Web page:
Updated: Oct 27
Q: How do I plant bulbs?
A: It’s easy! First, decide on the design and layout you want to have, and place the bulbs down where you would like to plant them. Then, using a spade or hand trowel, dig either small individual holes, a trench, or a hole large enough for several bulbs. The size of the bulb should determine the depth of the hole – but as a general rule of thumb, a depth of 4 to 6 inches is plenty. Place the bulb in the hole with the basal plate (the flat bit at the bottom) pointing down. Please note that most of the spring bulbs in cultivation were originally alpine plants, meaning they grew on rocky mountainsides. If you have clay soil, or a rich loamy soil, then gravel is your best friend. Pour a solid layer into your planting holes to ensure your bulbs have ample drainage. Then, simply cover the bulbs over with soil, compress the soil thoroughly, and water once very well.
Q: When is the best time to plant?
A: In general, the best time to plant is mid to late October. But realistically, as long as you can still get your shovel into the ground, it’s not too late! In fact, later is often better, as bulbs planted too soon may begin to grow prematurely.
Q: How do I stop squirrels from digging up my bulbs?
A: Squirrels and other furry pests dig up bulbs because they are attracted to the smell of the recently turned earth. They think some other animal has been hiding snacks there – and they’re not entirely wrong! To discourage their nosiness, be sure to thoroughly compact the soil once you’ve finished planting. Stomp on it, jump up and down! You’ll feel silly, but it works! Once this is done, sprinkle a generous layer of chicken manure or blood meal. If you live in a rural area, or a neighbourhood with lots of curious creatures, consider putting a thick mulch down as well.
Q: I planted bulbs last autumn, and they never came up. What happened?
A: If you’re quite certain that the squirrels aren’t responsible for your bulbs not showing up, then it’s almost always one of two other reasons. One, they were planted too early, started to grow, and then the new growth was frozen in the winter. Two, they were planted into soil that was too heavy and wet, and rotted before they had a chance to grow. Be sure to plant bulbs towards the end of October, and mix gravel into heavier soils, and this should solve your issue.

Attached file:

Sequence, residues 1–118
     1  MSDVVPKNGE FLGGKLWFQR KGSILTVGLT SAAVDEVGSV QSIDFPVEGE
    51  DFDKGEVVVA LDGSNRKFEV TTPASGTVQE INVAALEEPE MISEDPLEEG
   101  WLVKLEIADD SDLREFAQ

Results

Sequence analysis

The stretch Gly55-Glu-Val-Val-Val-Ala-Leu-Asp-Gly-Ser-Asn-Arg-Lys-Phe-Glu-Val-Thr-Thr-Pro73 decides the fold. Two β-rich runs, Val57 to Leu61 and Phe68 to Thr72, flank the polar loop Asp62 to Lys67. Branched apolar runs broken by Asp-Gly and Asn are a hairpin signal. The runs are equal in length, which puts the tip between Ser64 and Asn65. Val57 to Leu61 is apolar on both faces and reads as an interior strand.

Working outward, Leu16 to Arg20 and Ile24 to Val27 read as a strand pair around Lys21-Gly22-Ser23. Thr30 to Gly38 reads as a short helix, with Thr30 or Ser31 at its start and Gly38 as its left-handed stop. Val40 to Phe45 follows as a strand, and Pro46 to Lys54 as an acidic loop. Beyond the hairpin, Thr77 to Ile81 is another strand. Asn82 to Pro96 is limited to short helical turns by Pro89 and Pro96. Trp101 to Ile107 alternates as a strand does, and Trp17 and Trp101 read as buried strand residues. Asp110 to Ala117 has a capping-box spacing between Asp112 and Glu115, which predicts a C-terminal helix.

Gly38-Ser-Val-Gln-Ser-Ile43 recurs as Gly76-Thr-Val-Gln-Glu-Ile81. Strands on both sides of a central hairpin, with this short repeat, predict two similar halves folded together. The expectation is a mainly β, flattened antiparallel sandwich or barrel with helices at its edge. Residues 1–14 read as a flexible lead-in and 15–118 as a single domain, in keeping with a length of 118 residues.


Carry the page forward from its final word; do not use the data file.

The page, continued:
Q: How can I ensure that my bulbs keep blooming year after year?
A: It’s all about choosing the right bulbs. Many of the flashy bulbs that catch our eye in the garden centre have been heavily hybridized, meaning they have been designed to put on a brilliant show for one spring only. When you’re choosing your bulbs with longevity in mind, the more “simple” the flower looks in the picture, the better. For example, some tulips have been bred to have many petals so they resemble peonies, or have petals with frilly edges. These are beautiful, and perform wonderfully in a pot, but they almost never bloom again. Choose tulips with a simple shape and a single colour. The same concept applies with daffodils, crocus, allium and hyacinth.
So now that you’ve chosen the perfect bulbs, how do you ensure they come up year after year? It’s actually pretty simple! Once the flowers have faded, be sure to cut or snap off the flower head before it goes to seed. This will force the plant to put all its energy into creating new bulbs. Once the flowering is finished, that is the time to fertilize your bulbs, and continue doing so into the summer. Chicken manure, blood meal, and seaweed-based fertilizers are wonderful for this. Lastly, it’s important that you don’t cut back the leaves. Even if they look a little tired and unattractive, the leaves are working hard to feed the bulbs down below. Once they have completely turned yellow and died back, then you can cut the entire plant down to the ground.
Q: Can I plant bulbs in a pot?
A: Absolutely! Make sure to choose pots with drainage holes, and loosen up your potting soil with lots of sand or gravel. The most crucial part of growing bulbs in pots is winter storage. If you have lots of heavy pots, group them together and cover them with a tarp. Secure it tightly with a rope. If you have a shed, or a garage that stays below freezing all winter, store your pots in there. It is perfectly alright for your bulbs to be frozen solid – but if they are sopping wet from melting snow and then freeze in the pot, they will very likely die.
Q: I want to plant a bulb ‘lasagna’. Is there a recipe I should follow?
A: Bulb lasagnas are a delightful concept, but can seem intimidating at first. For those not in the know, a bulb lasagna is a large pot that has been filled with layers of soil and bulbs. The intention is to choose bulbs that will bloom at different times, so the display changes and blooms continuously throughout the spring. There is no set “recipe” that should be followed. In general, the bigger the bulb, the lower in the pot it should go. So if you were to choose tulips, daffodils and crocus, the tulips would be at the bottom, with the daffodils above them, and the crocus at the very top. You could even do a lasagna with a single type of bulb, but different varieties that grow to different heights! Be creative, and choose the flowers and colours that speak to you. Bulbs are very adaptable, and will do their best to perform well.
Have more questions? Come see us at the greenhouses or send us an email! Our team is always happy to help.